Anyway, Tesla doesn't need to provide an affordable, mass appeal product. In fact, it's probably better off doing just the opposite. Musk's ploy here puzzles me. Unless Model S sales are slumping -- and I don't think they are -- why bother with this? Does the billionaire Musk simply want to portray a kinder, gentler self and an egalitarian Tesla? Is he merely teeing up a more modest image ahead of plans to enter a broader market against Nissan's ( NSANY) Leaf, General Motor's ( GM) Chevy Volt, other lower-priced EVs and other cars marketed, at least in part, on the basis of superior fuel economy? If he is, he's (A) being disingenuous and (B) addressing a problem that doesn't exist. Play around with Tesla's True Cost of Ownership calculator. You need to be typecast worse than Jennifer Aniston to play the role of a person who would benefit much, if at all, financially by bleasing a Model S. Tesla's assumptions are unrealistic for most of the population. Ultimately, they only matter to its core pool of prospective buyers who don't have to ask what the car costs and likely have already reserved or are driving one. It's not that these cats don't like saving a few bucks (that's often why somebody is relatively well-off in the first place), but, if you're Musk, why ask? What's the point? There's got to be an ulterior motive.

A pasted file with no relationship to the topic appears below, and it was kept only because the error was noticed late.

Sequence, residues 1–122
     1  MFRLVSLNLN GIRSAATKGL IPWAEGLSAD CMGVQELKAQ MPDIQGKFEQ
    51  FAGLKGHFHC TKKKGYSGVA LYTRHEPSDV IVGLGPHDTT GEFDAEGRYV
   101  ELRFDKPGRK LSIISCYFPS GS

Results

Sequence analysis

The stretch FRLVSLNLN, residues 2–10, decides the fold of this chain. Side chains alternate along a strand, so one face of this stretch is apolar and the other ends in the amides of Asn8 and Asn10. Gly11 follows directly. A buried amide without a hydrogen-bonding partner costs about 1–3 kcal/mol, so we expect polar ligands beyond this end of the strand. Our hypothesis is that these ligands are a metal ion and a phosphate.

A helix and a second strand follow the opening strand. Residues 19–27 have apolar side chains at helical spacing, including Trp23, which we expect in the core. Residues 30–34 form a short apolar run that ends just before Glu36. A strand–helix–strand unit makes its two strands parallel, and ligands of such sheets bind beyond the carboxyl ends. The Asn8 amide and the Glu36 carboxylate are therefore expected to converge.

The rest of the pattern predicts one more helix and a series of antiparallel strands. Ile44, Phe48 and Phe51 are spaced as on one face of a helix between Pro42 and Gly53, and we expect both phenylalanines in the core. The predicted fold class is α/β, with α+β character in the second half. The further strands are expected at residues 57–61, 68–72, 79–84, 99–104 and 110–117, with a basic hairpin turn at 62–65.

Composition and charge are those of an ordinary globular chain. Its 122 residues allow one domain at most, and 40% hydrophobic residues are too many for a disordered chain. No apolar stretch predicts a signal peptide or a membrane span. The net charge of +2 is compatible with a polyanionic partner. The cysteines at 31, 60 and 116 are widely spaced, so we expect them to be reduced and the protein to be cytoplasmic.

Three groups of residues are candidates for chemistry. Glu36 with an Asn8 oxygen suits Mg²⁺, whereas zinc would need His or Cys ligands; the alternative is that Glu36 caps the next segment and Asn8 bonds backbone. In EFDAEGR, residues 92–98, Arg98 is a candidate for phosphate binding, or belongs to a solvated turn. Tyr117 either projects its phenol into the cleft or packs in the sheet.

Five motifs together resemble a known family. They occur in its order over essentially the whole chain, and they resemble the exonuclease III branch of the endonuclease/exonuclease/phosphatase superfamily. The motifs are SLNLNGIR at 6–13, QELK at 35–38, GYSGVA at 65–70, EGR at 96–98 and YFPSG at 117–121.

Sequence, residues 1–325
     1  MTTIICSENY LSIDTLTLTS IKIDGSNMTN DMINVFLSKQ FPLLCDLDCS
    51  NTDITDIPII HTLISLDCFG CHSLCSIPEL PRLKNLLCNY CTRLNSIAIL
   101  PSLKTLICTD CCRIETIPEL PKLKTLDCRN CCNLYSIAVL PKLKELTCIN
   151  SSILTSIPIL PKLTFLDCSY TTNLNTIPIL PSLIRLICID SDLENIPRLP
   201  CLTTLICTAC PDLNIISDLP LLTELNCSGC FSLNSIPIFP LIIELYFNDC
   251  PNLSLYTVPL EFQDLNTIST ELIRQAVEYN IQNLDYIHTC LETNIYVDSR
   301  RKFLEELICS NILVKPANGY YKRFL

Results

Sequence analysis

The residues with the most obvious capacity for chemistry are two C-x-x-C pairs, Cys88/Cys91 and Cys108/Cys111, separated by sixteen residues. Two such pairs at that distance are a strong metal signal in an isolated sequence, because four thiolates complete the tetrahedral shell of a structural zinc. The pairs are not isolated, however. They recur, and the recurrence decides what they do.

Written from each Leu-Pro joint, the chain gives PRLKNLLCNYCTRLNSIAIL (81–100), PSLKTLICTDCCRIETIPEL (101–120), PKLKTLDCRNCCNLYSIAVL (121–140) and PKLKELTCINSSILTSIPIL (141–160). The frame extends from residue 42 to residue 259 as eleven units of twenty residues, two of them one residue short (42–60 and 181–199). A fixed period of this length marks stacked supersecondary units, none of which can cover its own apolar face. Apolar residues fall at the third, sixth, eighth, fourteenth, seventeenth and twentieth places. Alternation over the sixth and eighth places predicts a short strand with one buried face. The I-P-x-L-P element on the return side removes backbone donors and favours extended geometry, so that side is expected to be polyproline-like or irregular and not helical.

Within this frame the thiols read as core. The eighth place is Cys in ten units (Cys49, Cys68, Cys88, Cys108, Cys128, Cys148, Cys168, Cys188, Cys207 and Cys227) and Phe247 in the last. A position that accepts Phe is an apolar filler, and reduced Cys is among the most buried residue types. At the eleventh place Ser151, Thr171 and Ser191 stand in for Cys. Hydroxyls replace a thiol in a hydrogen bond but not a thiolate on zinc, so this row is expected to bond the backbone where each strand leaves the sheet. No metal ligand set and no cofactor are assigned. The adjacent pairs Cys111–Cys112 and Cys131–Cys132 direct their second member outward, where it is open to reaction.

Like I said, play with the numbers. Musk insulted our intelligence hyping the snot out of this big announcement. I am sure the scribes who stayed at work late last night aren't happy. Think about all of the other things they could have been doing with their time! But, more than that, you have a premium product. Rich people in places such as Santa Monica and Beverly Hills are buying it. There's no need to sell them a bill of goods. And, even worse, upon further inspection, the bill of goods will do very little to motivate the rest of us to get into a Model S, even if we are willing and able. Follow @rocco_thestreet -- Written by Rocco Pendola in Santa Monica, Calif.